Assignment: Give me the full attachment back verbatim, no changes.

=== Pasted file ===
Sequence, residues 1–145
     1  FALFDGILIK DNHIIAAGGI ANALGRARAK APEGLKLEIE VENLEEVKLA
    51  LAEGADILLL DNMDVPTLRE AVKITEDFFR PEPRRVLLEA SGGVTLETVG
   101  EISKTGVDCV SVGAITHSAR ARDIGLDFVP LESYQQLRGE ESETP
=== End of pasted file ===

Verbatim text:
Sequence, residues 1–145
     1  FALFDGILIK DNHIIAAGGI ANALGRARAK APEGLKLEIE VENLEEVKLA
    51  LAEGADILLL DNMDVPTLRE AVKITEDFFR PEPRRVLLEA SGGVTLETVG
   101  EISKTGVDCV SVGAITHSAR ARDIGLDFVP LESYQQLRGE ESETP